Geothermal energy in Indonesia

The World Bank will be working with Pertamina Geothermal Energy (PGE) – a subsidiary of state-owned company Pertamina – to boost power generation capacity by up to 150 MW in geothermal fields in Ulubelu, South Sumatra and Lahendong, North Sulawesi.

Due to the country’s volcanic geology, Indonesia is the world’s third-largest producer of geothermal energy after the United States and the Philippines. The country recently unveiled plans to become the world leader, investing almost $16 billion in renewable power generation and infrastructure over the next 15 years. The plan calls for 44 new geothermal plants by 2014.

Indonesian Vice President Boediono invited Australian investors to invest in the country’s energy sector by setting up geothermal energy plants, tapping the country’ s enormous geothermal deposit to generate power.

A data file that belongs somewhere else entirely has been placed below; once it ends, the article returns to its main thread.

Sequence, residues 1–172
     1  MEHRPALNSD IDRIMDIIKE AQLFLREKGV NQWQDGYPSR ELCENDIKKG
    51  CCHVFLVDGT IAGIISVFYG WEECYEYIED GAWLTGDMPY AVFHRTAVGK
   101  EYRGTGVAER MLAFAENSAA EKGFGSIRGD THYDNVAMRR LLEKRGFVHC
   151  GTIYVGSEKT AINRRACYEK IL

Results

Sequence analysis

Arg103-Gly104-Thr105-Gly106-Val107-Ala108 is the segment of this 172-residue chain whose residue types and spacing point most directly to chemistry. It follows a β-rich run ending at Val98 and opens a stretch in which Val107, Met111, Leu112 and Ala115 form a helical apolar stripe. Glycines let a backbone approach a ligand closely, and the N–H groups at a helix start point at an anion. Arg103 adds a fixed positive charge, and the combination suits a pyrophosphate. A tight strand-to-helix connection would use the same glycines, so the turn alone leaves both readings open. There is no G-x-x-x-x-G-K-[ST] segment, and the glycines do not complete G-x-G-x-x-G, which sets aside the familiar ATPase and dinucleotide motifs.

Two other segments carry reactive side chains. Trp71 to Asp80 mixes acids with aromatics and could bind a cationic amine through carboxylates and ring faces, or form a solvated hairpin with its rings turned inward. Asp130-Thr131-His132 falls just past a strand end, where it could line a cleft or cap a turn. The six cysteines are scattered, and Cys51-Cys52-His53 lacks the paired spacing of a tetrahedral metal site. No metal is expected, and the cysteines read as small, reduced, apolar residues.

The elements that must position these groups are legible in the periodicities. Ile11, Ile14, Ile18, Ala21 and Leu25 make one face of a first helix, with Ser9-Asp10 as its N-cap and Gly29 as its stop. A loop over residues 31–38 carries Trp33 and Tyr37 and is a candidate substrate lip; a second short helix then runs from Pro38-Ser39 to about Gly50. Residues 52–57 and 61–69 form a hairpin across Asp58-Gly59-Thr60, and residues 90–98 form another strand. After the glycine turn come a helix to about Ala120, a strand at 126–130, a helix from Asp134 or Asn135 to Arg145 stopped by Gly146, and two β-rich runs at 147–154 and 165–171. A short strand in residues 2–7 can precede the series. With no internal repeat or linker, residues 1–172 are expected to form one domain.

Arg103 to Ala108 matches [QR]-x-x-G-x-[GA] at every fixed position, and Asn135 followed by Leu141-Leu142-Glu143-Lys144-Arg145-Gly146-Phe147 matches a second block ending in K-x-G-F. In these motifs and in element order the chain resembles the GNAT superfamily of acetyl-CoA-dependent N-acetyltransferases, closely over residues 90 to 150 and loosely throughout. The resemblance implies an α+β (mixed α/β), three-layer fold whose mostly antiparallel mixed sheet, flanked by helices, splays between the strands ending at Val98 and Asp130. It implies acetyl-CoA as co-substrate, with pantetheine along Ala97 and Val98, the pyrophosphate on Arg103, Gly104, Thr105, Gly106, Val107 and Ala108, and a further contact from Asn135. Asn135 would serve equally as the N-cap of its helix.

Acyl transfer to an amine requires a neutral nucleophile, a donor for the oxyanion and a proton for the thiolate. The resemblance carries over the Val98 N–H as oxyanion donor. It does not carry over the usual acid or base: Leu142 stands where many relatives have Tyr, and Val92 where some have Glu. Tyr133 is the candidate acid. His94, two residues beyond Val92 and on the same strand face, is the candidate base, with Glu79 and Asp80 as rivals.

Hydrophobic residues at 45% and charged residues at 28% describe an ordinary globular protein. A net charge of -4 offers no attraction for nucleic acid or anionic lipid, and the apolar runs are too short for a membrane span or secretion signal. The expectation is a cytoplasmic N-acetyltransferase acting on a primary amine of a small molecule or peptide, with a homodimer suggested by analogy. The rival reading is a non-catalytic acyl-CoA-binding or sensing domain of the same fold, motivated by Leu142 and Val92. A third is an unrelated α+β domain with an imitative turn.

The Indonesia’s assistance commitments and official invitation to Australian investors was conveyed by Boediono to Australian Energy Resource and Tourism Minister Martin Ferguson during their meeting at the VP’s office, Yopie said.

Yopie said that Indonesia and Australia governments put great interests in developing the environment-friendly energy as geothermal energy requires brand new technologies and techniques. Both ministers agreed to share knowledge and expertise in developing geothermal energy.

Geothermal energy would significantly contribute to the country’s second phase mega power plant project with total capacity of 10,000 MW. Indonesia has the world’s largest geothermal deposit that may generate power up to 29,038 Megawatt, but as of now it only produces 1,189 Megawatt of electricity.